“Bernie Gave Voice to Millions”

Labor for Bernie, Sanders’ independent union supporters, was moderate in size but active and disproportionately influential, tipping the balance in some primaries, such as Washington state, supporters say. Six national unions (Communications Workers of America, National Nurses United, Amalgamated Transit Union, International Longshore and Warehouse Union, United Electrical Workers and the American Postal Workers Union) belonged to the group, plus 107 local unions and tens of thousands of individuals.

Now it is shutting down, says volunteer organizer Rand Wilson, but the group could still serve as a base for future organizing. By promoting Sanders’ ideas, it helped make more class conscious political discussion possible within union ranks.

Most Labor for Bernie members are likely to agree with Wilson that despite its small base, the organization gave a hint at what’s possible.

“Labor had an opportunity to get behind a serious candidate for the working class,” he says, “and you can see what more could have happened if Bernie had been endorsed (by the broader labor movement).”

“When people say Bernie can’t win,” says former CWA President Larry Cohen, a senior advisor to Sanders, “they mean the working class can’t win. But he showed the working class can win. The only reason he lost was because of the establishment.”

Cohen has come to a dramatic conclusion about traditional labor movement policy: After decades of taking seriously the idea that labor unions should try to reach common agreement on political issues, he has decided that if unions find better strategic partners outside the labor movement on a particular issue, they should proceed on the basis of their analysis of what is needed, not hold back and wait for labor unity. Too often, he says, a particular union’s political stance may reflect a private employer’s growth plans, not the general good for working people.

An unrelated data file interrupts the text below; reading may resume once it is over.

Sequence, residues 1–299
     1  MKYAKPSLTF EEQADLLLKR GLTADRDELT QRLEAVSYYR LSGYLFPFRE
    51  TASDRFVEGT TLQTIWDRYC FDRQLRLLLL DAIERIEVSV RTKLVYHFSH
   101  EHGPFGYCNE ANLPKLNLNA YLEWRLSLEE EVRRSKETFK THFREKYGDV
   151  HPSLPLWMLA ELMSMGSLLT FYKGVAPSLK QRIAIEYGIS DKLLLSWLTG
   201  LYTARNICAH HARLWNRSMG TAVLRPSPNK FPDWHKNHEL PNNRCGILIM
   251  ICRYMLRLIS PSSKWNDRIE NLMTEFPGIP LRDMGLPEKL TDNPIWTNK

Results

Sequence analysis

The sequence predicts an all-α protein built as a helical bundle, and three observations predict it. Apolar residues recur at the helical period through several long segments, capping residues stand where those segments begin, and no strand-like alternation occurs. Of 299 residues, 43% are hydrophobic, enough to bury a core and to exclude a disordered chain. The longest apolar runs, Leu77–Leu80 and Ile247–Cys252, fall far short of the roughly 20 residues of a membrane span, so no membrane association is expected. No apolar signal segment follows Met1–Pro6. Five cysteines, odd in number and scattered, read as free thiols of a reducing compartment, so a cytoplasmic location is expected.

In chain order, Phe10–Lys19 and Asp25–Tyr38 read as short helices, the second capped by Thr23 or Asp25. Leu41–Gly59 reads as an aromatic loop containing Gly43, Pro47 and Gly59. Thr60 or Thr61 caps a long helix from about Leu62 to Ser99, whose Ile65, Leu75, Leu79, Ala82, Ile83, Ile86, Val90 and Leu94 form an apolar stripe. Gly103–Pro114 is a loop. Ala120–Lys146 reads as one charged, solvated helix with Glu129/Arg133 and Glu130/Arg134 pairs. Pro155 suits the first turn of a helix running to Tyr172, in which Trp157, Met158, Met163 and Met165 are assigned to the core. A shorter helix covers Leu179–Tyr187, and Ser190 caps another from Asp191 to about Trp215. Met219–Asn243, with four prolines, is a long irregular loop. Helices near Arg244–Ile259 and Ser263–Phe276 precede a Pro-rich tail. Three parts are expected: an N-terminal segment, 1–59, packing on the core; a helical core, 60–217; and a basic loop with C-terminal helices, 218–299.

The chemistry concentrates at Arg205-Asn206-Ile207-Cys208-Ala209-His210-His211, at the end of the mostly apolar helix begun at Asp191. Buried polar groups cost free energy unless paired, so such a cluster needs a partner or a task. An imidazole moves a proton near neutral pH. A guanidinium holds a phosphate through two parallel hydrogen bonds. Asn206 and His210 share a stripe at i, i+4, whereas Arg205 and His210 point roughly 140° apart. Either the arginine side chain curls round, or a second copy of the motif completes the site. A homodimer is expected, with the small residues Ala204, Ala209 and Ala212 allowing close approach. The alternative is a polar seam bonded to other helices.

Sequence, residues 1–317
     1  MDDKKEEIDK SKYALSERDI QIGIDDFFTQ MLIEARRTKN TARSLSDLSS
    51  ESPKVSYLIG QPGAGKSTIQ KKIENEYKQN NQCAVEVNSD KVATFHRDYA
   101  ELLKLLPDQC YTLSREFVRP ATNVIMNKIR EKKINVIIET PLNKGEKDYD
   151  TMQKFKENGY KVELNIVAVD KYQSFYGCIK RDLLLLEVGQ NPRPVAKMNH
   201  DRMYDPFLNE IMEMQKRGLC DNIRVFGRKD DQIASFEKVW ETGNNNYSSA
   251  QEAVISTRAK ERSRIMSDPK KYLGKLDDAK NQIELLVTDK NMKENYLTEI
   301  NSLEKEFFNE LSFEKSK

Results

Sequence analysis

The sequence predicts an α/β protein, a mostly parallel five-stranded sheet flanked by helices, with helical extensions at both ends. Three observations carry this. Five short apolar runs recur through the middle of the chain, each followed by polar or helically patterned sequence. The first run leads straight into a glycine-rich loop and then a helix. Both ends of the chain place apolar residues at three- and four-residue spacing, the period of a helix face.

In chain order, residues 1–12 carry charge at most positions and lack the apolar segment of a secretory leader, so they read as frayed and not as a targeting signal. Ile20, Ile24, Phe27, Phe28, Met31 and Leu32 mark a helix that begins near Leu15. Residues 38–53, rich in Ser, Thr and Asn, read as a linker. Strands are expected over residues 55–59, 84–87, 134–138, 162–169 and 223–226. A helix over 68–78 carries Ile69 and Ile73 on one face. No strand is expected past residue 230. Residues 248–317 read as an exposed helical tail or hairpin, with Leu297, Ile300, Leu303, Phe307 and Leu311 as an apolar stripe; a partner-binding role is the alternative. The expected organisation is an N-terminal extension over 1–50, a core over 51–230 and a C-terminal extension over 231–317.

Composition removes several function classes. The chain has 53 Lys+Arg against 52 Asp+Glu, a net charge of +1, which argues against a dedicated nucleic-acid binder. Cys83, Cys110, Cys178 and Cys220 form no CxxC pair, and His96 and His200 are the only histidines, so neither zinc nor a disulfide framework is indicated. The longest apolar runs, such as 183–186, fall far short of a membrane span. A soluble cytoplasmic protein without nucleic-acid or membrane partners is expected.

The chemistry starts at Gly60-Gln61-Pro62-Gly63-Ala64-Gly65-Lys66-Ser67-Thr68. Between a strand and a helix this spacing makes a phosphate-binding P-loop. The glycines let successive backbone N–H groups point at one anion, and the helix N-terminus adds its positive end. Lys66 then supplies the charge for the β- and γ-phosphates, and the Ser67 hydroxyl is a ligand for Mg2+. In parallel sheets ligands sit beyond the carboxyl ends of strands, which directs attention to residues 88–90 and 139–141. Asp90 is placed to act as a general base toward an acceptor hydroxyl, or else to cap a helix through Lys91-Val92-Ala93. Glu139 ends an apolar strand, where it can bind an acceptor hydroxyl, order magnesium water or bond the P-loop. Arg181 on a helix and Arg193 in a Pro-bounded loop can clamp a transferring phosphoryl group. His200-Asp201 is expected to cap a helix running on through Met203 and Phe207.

Following this strategy, “on the picket line there would be unity, and everyone would stand with a union on strike,” he says, “but not necessarily focus on unity about political strategy.”

RoseAnn DeMoro, executive director of NNU and a vigorous advocate for Sanders, says the labor movement now sees itself as non-partisan.

“My advice is we should see ourselves as representatives of the working class — not the executive class, not the neo-liberals,” she says.

DeMoro said the Democrats rejected (or in some cases, such as tuition-free college for all, watered down) Sanders’ leading proposals, such as expanded Medicare and Social Security, a ban on fracking and a “Robin Hood” tax, which is a tax on financial transactions.

In any case, she says, even the compromise 2016 Democratic Party platform is not binding on candidates.

“Assuming the Democrats win,” she said, “we have essentially negotiated down from our principles in advance — basically negotiating with ourselves. If we bargained our contracts that way, the nurses would fire us.”

“Labor is out of touch with its base,” DeMoro says. “Members are where Bernie was. Labor should have listened to Bernie.”

Randi Weingarten, president of the American Federation of Teachers, the first union to endorse Clinton, believes that Sanders had a positive influence on the debate that resulted in the Democratic Party adopting what she, unlike DeMoro, describes as “a platform that’s the most progressive in history.”